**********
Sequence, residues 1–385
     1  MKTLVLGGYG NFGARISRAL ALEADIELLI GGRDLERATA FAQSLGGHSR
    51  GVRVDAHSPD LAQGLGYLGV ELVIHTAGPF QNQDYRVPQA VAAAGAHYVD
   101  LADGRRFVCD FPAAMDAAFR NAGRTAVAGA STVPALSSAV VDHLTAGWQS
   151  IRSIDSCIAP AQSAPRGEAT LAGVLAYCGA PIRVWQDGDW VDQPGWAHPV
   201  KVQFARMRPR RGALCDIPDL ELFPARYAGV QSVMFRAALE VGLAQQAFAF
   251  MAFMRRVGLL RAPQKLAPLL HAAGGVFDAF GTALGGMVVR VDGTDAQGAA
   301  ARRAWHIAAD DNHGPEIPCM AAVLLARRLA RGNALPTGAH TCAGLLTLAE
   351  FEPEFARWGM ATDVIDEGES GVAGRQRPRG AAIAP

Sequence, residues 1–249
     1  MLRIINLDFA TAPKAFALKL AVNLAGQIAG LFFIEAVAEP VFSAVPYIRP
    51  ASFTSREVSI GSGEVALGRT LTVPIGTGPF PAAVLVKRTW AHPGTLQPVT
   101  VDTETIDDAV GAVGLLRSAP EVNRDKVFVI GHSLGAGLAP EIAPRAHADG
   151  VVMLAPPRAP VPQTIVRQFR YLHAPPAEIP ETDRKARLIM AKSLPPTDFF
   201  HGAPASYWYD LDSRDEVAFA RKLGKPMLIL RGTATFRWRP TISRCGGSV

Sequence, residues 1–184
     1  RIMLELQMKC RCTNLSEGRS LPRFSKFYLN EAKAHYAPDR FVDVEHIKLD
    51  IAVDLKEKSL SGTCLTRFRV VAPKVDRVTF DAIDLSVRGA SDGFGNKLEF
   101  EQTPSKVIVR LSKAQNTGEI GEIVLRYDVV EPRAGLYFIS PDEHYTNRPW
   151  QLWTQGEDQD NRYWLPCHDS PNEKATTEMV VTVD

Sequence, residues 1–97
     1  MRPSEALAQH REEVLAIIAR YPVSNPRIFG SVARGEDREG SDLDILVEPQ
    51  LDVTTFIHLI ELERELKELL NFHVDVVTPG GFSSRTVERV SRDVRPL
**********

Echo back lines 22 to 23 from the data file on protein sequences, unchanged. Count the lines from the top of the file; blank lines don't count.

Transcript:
     1  MRPSEALAQH REEVLAIIAR YPVSNPRIFG SVARGEDREG SDLDILVEPQ
    51  LDVTTFIHLI ELERELKELL NFHVDVVTPG GFSSRTVERV SRDVRPL